Friday, August 10, 2012

Setting Up For Reform In 2020

According to reports coming out of Sacramento, the proposed California workers' compensation reform bill would provide state employers with a $700 million net reduction in system costs while still providing up to a 67% increase in permanent disability indemnity benefits.

It's a fiscal miracle that can only occur in the face of elections!

Part of the way the proposed changes would do this would be to simplify some elements of the California system that have never made much sense.

For instance, elimination of the 15% up and down modifier to a permanent disability award based on return to work offer/acceptance found in Labor Code section 4628(d) or dispensing with the second opinion requirement on back surgery requests.

Another complexity eliminator is simplification of the Permanent Disability Rating Schedule by removing rating modifiers related to future earning capacity, age adjustment, and taking away sleep, sex and psyche add-ons.

Other provisions though will increase system costs in my estimation.

For instance there is a provision to impose a $150 filing fee for liens - the last time that was attempted the Division of Workers' Compensation (DWC) just stopped doing it because its infrastructure got in the way of collecting the fee and cost more than the fee did (albeit the fee at that time was $100).

Another example is the creation of an Independent Medical Review system for resolving treatment disputes. Presumably this activity would be paid for with a fee paid by the employer of no more than $500, but what about the administration of the IMR process, its participants and appeals (which would be limited to allegations of fraud, bias or conflict of interest)?

A built-in systemic cost is that the proposed billing and system reforms would require billing disputes go through an independent bill-review process that is set up and contracted by the Division of Workers’ Compensation. Providers would have a limited time to object to billing adjustments and there will be a limited right to appeal any bill-review decisions.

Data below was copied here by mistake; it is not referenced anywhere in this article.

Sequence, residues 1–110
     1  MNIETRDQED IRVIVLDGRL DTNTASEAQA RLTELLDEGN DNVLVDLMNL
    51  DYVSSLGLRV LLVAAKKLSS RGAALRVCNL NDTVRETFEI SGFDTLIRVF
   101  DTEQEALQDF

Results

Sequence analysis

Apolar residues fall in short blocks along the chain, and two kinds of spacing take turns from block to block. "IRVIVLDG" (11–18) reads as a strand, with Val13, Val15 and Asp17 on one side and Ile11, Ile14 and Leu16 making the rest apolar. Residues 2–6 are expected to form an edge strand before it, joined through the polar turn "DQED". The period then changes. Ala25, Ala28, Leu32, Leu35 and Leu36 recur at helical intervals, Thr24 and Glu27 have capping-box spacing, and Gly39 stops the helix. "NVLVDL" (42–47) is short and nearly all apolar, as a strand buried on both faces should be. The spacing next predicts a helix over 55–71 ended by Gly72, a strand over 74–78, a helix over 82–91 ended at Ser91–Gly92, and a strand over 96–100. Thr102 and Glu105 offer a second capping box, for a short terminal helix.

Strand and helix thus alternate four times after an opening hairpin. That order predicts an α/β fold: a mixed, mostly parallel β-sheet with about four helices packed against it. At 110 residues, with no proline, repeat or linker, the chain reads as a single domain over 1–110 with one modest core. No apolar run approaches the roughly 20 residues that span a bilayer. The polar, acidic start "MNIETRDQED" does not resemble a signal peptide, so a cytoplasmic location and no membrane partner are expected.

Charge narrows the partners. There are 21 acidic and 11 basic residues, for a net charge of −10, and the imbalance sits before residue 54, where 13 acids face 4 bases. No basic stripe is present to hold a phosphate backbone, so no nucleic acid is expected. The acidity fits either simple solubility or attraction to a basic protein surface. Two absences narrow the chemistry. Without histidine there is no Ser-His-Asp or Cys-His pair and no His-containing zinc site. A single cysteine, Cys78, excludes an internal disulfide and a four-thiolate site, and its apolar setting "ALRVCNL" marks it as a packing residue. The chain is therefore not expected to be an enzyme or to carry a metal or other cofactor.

In addition interpreters have new licensing requirements and will need certification by the DWC (of course paying a fee for the privilege).

Several groups have come out to oppose the process in which the negotiations were carried out. Doctors in particular have several axes to grind as the reimbursement schedule gets changed to Medicare's Resource-Based Relative Value Scale (RBRVS) and medical provider networks (MPN) that are approved by the DWC are presumed valid for purposes of treatment control.

According to reports, the secret negotiations on the proposal occurred only between organized labor and big business.

The California Society of Industrial Medicine and Surgery, besides the opposition one would expect from the group relative to the various provisions affection doctors, said in a press release that part of its concern was the lack of inclusion of input from most of California.

“Unfortunately, the unions didn't ask any injured workers to help with the legislation and the large employers didn't ask small employers," the group said in a press release.

The Senate Republican Caucus mirrored those sentiments:

"While reports of negotiations occurring between large self-insured employers and labor groups may be an encouraging sign that California’s workers’ compensation system is on the verge of important, timely and necessary reform, the fact that insurers and non-unionized, non-self-insured/smaller employers are not at the negotiating table should be cause for some concern," the caucus said.

In the final analysis I'm not sure any of that would matter. What will happen with this "reform" is that some cottage special interests will be eliminated, some new cottage special interests will be created, there will be pandemonium and confusion for 2 years, followed by judicial shaping of the law for 4 years, along with incremental cost increases as these groups figure out ways to maximize their financial interests, followed by a year or two of complaints about costs and/or systemic failures, and a new "reform" around 2020.

See you in the future.

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